When all life counts in conservation

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Species counts drive conservation science and policy, and provides the basis for major public announcements on the state of the Earth. Yet a major component of biodiversity is excluded from conservation data: nonnative species. A University of Technology Sydney led study focused on Australia's nonnative vertebrates who were brought in and out of Australia by humans. The international team of conservation biologists asked the question "What would the world look like when all wildlife were included in conservation data?"

The researchers found that formal conservation accounts underestimate global ranges; that introductions surpass extinctions in Australia; and that Australia provides a lifeline to many species threatened in their native ranges.

The scientists also found that conservation is the stated motivation for killing most nonnative wildlife.

Lead author, Dr. Arian Wallach from the UTS Centre for Compassionate Conservation said that discussions about "inclusive biodiversity data can open up dialogue on the ethical and empirical assumptions underlying ."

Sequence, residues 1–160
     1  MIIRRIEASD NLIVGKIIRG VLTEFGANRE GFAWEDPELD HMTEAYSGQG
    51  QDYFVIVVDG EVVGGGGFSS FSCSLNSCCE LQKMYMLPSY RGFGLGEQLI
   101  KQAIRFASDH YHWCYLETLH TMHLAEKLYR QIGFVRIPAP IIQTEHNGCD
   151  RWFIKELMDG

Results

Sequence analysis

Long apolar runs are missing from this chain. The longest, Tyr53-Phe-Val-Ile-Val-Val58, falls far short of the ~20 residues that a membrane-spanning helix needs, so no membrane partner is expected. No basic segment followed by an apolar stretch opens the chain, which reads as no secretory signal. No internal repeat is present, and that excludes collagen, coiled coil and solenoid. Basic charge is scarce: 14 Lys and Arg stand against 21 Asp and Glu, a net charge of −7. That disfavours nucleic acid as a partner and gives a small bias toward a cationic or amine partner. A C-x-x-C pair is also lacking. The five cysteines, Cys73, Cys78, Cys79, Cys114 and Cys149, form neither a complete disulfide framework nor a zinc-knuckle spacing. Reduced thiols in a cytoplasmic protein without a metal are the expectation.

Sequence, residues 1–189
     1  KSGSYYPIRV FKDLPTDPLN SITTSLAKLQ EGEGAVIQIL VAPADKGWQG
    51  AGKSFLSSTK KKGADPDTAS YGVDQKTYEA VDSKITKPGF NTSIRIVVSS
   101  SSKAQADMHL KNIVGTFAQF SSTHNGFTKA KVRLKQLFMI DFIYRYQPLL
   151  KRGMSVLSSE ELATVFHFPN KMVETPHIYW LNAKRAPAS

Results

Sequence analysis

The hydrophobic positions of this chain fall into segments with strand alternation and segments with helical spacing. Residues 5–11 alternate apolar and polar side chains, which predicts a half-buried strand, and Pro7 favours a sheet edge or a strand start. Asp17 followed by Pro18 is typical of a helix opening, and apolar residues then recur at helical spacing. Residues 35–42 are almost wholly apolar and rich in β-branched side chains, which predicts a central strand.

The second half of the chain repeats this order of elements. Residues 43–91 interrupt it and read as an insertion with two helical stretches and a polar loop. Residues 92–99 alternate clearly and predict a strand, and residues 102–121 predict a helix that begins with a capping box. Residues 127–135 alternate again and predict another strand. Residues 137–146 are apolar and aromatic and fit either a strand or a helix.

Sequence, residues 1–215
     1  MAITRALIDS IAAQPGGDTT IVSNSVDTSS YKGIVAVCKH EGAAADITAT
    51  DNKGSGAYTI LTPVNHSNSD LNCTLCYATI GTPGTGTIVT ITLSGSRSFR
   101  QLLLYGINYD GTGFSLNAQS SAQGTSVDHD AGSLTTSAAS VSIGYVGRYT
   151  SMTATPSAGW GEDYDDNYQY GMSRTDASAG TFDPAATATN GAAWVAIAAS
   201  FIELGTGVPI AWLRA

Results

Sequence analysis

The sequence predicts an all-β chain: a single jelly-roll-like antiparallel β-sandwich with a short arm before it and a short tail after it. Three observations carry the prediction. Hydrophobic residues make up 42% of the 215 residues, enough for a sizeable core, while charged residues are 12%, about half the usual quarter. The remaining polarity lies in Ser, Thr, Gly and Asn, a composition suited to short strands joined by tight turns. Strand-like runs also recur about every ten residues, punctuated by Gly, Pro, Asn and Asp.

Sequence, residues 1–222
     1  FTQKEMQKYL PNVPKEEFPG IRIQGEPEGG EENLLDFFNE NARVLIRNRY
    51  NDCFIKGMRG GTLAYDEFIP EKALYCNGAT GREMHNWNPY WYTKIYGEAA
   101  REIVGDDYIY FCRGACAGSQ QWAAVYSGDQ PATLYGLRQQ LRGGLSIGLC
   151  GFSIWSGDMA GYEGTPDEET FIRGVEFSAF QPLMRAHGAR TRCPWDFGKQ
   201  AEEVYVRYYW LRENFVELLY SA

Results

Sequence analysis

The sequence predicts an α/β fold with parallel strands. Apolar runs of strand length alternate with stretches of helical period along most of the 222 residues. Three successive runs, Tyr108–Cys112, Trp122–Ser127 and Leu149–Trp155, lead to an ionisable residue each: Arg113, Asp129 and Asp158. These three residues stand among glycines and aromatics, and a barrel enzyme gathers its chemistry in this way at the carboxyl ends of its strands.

The researchers say that "inclusive data could help enhance humanity's moral concern for all life on Earth".

Authors include scientists from Oregon State University, California State University, Victoria University of Wellington (NZ), Nelson Mandela University (SA), University of California Davis, The University of Sydney, University of New South Wales Sydney, and the Greater Wellington Regional Council (NZ).

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More information: Arian D. Wallach et al. When all life counts in conservation, Conservation Biology (2019). DOI: 10.1111/cobi.13447
Journal information: Conservation Biology

Citation: When all life counts in conservation (2019, November 29) retrieved 26 January 2020 from https://phys.org/news/2019-11-life_1.html
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